Remembering Alex Chilton: Icon and Iconoclast

I had the opportunity to meet Alex Chilton a few months ago, at the afterparty for a Big Star gig in Brooklyn. We stood no more than a few feet away from each other for an hour or so, but I never wound up interacting with him beyond saying hello and getting an autograph. First off, he was talking with a couple of attractive women, and it's rude to interrupt a guy in the middle of that. And beyond that, what was I going to say to him? That his music had touched me profoundly for decades? That I'd spent countless hours listening to it, reading about it, analyzing it and debating it with my friends? By all accounts, he didn't seem to give his own music much thought, so why would he have cared about what it did for a total stranger?

Alex Chilton died yesterday, but the guy that rock fans worshipped -- the musician who almost 40 years ago founded Big Star, and in the process helped give birth to power-pop and alternative rock -- died decades ago. The guy who could break your heart with a ballad like "Thirteen," who wrote the most beautiful punk-rock song in history with "The Ballad Of El Goodo," who made doing nothing seem irresistibly cool with "In The Street," who created the pluperfect pop song in "September Gurls" -- that guy was killed by his own cynicism and disgust back in the mid '70s, when Big Star collapsed under the weight of their own expectations, record company snafus and resounding commercial indifference.

You can hear that death in Big Star's never-quite-completed third album, recorded in 1974 and released years after the fact as Big Star's 3rd and, later on, as Sister Lovers. It's a beautiful, harrowing, and often impenetrable work, revealing depths of emotion that must have been too powerful for Chilton to ever put on tape again. As a solo artist, he reinvented himself as a punk rocker of sorts. Most of his songs sounded dashed off rather than composed, and he seemed to take more interest in deconstructing soul classics or pop ballads than writing originals, anyway. He was too talented to not turn out some gems in the two-plus decades of his off-again, on-again solo career, but they seemed almost accidental, like he didn't want to care too much.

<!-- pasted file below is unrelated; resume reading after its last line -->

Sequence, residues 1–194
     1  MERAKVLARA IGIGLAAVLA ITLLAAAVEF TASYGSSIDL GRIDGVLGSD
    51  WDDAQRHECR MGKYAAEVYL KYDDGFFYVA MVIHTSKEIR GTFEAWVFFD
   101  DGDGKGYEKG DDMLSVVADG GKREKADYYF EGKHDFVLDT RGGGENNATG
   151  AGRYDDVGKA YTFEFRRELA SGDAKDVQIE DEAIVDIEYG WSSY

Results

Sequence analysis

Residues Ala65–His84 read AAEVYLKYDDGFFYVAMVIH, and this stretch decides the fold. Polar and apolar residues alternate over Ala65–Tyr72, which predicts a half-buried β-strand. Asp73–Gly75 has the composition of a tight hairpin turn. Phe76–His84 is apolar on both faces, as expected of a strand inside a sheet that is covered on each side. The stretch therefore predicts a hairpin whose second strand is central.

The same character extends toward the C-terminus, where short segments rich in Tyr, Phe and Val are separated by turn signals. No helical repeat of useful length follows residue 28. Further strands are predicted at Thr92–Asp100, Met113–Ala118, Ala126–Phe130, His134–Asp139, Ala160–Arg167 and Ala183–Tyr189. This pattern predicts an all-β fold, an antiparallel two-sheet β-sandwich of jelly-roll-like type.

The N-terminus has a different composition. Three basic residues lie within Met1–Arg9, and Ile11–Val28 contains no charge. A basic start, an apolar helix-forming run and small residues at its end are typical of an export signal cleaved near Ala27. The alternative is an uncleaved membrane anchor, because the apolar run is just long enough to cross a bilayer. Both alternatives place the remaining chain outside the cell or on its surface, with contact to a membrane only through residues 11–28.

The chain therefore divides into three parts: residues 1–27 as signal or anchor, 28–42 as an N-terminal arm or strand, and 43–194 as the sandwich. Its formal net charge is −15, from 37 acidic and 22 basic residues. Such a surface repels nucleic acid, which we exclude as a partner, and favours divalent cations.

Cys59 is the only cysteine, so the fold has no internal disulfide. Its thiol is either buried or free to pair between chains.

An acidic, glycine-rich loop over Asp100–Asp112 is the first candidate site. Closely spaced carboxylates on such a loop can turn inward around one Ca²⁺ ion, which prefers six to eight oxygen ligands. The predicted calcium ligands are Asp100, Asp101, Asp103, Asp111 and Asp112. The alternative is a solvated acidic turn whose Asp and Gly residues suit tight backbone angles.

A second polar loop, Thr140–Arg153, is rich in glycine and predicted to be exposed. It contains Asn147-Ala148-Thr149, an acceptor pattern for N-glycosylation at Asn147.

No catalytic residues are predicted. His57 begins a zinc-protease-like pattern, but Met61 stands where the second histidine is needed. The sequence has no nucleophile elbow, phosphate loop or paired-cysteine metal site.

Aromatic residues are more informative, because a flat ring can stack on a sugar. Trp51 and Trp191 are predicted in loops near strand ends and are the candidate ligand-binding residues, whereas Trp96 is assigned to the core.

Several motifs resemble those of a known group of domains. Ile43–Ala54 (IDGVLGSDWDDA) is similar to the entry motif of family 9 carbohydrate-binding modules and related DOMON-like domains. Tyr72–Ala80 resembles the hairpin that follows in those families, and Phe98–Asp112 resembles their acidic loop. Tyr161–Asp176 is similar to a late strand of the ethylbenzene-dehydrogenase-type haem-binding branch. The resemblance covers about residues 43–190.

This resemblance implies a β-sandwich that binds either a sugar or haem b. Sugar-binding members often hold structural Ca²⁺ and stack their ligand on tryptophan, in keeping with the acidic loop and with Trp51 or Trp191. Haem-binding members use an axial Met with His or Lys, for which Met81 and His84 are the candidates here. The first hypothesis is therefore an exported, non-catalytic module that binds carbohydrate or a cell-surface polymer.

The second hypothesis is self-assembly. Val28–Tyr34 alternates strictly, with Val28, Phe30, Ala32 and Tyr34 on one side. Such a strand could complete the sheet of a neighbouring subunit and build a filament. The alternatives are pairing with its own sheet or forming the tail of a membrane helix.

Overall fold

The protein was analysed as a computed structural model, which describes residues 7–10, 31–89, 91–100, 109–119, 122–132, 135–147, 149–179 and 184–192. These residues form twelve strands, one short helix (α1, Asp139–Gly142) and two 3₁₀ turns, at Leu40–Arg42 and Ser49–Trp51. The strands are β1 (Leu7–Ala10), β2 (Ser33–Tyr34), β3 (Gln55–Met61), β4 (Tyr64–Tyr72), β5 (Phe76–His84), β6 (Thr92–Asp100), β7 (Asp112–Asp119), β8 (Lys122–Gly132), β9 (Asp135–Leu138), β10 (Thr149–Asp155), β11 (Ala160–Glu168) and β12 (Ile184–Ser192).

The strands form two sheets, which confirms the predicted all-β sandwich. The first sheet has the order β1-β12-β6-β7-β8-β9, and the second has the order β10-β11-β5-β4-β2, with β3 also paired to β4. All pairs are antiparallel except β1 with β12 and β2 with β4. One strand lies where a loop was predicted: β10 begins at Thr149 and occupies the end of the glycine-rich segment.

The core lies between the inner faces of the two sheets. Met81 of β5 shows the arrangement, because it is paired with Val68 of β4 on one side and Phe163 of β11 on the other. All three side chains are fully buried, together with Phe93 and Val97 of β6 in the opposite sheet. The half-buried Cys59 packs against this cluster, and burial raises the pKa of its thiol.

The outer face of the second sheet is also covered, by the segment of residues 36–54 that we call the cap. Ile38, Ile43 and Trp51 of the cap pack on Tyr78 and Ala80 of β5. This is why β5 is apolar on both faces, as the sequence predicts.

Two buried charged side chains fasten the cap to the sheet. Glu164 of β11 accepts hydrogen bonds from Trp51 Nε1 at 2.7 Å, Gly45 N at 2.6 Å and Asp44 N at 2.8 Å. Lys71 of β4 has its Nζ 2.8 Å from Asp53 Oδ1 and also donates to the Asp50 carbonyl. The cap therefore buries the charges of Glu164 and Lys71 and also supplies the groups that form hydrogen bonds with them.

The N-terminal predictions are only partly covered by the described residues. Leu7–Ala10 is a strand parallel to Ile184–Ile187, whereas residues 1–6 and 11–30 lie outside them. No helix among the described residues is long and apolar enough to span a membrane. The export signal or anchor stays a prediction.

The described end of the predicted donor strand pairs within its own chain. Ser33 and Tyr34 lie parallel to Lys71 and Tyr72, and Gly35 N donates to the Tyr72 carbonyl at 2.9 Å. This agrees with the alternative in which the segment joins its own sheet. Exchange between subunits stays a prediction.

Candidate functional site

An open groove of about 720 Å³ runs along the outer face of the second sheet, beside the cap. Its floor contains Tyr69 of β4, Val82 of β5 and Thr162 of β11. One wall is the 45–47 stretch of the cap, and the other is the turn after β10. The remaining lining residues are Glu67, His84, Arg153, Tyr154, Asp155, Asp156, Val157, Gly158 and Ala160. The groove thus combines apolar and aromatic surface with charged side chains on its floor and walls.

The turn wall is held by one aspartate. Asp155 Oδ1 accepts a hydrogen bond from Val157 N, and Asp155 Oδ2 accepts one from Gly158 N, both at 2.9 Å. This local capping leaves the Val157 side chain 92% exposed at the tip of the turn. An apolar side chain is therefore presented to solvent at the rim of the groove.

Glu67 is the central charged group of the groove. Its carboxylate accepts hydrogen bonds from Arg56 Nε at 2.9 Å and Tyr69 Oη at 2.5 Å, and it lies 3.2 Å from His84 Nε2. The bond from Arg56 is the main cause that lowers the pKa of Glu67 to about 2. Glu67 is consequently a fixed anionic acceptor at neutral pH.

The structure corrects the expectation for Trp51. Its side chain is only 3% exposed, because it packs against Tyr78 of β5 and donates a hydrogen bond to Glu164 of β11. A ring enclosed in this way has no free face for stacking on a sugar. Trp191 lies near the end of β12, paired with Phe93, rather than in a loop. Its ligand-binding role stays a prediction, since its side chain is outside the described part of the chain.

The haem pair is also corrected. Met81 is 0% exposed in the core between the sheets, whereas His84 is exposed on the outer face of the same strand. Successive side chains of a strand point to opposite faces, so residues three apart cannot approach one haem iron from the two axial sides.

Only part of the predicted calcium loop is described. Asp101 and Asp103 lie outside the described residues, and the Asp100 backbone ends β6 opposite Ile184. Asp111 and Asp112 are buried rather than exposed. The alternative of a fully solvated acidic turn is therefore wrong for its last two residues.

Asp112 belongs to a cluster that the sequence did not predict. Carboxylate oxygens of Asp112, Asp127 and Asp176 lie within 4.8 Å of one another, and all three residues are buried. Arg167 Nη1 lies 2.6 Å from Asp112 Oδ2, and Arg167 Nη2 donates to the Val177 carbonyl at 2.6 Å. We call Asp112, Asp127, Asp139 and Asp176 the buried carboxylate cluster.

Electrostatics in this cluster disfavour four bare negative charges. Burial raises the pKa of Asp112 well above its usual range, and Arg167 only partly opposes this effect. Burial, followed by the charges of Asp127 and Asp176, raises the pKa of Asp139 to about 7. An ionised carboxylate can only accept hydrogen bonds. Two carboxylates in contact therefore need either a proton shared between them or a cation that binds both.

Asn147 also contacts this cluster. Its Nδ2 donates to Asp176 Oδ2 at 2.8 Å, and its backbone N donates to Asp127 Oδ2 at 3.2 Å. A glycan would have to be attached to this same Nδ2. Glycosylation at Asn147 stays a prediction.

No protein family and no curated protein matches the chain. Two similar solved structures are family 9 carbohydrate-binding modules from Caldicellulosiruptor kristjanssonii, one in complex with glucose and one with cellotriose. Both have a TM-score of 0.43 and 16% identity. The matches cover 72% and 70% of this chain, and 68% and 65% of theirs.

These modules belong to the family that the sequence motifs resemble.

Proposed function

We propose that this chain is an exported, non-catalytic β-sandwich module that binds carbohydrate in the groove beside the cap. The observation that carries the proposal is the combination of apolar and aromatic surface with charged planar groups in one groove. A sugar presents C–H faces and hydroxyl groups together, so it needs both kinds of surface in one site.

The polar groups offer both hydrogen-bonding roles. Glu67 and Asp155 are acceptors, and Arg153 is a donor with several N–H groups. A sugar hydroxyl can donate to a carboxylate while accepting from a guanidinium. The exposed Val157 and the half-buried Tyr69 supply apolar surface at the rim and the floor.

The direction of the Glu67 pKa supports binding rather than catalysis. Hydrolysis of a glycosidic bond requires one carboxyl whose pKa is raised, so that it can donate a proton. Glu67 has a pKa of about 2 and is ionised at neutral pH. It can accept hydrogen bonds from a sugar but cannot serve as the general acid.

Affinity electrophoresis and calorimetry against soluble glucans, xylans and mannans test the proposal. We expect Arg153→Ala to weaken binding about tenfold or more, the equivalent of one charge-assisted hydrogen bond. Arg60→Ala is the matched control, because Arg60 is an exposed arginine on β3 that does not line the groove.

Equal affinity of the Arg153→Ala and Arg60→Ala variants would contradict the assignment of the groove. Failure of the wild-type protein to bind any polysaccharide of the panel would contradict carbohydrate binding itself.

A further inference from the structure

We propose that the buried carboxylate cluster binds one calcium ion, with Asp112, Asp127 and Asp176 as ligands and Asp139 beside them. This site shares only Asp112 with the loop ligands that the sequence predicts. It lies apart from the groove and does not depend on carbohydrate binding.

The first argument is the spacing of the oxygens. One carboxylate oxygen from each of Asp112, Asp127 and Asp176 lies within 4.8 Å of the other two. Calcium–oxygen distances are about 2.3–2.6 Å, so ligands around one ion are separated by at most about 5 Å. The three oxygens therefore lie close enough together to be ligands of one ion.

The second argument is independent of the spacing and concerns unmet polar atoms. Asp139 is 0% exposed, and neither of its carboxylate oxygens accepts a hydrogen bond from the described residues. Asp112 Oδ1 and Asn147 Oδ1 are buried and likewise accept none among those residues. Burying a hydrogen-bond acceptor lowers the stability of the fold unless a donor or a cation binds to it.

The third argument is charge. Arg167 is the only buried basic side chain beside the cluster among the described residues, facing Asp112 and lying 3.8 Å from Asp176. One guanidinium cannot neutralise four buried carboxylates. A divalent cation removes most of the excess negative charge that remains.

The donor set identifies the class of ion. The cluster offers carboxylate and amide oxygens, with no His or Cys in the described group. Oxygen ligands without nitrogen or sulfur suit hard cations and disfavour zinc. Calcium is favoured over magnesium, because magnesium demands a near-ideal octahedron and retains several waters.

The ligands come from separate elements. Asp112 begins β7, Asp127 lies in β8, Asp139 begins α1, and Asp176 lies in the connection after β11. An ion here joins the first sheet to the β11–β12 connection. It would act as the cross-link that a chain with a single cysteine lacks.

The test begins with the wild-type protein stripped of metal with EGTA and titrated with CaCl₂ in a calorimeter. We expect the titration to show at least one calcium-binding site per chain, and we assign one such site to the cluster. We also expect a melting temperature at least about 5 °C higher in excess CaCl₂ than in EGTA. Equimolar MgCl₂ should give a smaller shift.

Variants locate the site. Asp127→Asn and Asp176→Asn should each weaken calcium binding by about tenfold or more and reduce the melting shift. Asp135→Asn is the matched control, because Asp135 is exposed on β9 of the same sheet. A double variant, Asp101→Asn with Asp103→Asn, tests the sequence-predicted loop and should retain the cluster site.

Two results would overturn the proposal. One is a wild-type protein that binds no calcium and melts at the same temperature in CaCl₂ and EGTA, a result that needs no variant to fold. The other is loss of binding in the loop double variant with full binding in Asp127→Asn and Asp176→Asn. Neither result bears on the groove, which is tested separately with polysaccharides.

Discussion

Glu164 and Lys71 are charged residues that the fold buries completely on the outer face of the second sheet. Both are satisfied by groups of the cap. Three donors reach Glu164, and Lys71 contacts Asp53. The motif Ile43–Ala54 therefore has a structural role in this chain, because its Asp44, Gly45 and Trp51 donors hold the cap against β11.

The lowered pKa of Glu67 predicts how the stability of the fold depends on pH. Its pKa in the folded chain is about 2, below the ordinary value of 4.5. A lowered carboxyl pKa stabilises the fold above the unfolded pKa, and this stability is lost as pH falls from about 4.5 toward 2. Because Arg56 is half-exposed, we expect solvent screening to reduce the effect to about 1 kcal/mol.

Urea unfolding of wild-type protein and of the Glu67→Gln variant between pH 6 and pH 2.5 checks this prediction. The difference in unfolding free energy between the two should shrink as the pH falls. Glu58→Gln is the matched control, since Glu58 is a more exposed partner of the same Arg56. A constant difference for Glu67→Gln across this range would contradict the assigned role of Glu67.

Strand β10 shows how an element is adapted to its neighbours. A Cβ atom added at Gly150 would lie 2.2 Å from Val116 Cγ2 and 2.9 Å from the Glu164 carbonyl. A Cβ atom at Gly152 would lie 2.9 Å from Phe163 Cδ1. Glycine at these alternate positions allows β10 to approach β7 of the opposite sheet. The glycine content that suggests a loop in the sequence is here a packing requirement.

A few years later, when the punk, indie and alternative rock revolutions redefined the meaning of fame and success, Chilton might have been able to wear the band's commercial failure as a badge of honor. Their small but fervent cult following could have been a point of pride and not frustration -- even for a guy who, as a teenager in the late '60s, had tasted fame and success with the Box Tops. But in retrospect, it seems like Big Star came along just a few years too soon.

At any rate, the fame that eluded Big Star the first time around grew in their absence. Fans belatedly discovered the band's three classic albums (#1 Record, Radio City and 3rd/Sister Lovers) through word of mouth, the critical raves that accompanied the records' periodic reissues; and praise from bands like R.E.M. and the Replacements, who piqued my own interest in 1987 with their classic tribute song "Alex Chilton."

Chilton finally agreed to reform Big Star for one show in 1993 with original drummer Jody Stephens, plus Jon Auer and Ken Stringfellow of The Posies replacing co-founders Chris Bell and Andy Hummel. It seemed to be a one-off at the time, but the foursome played together sporadically for the rest of Chilton's life -- they had a gig scheduled at Austin's SXSW festival this Saturday. Every show felt like an opportunity for us to thank Chilton in person, and show him the love he'd been denied at the time. But we were saying thank you to a ghost -- by then, Chilton was beyond caring. The shows seemed like nothing more than paydays to him. The set lists rarely changed. He'd get more animated playing a cover of Glenn Miller's "Pennsylvania 6-5000" than any of the Big Star catalog. He appeared oblivious to whatever magic the audience gleaned from those old songs.

Improbably, a new Big Star album, In Space, appeared in 2005. The songs that sounded the most like classic Big Star belonged to the other three members of the band. Chilton's own songs were largely improvised-sounding funk workouts. Fun at times, but not what the fans wanted -- which almost seemed to be the point by then. The record, which turned out to be his last, was almost universally ignored.

To the end, Alex Chilton was one of a very rare breed -- a veritable rock icon who also managed to be a first-rate iconoclast, especially when it came to himself. His ceaseless decades-long puncturing of his own myth practically became a myth in itself. I still have no idea what I'd say to him if I had a chance to relive that night in Brooklyn. But I wish I'd at least mumbled a quick "Thanks for everything," even if it might have fallen on deaf ears.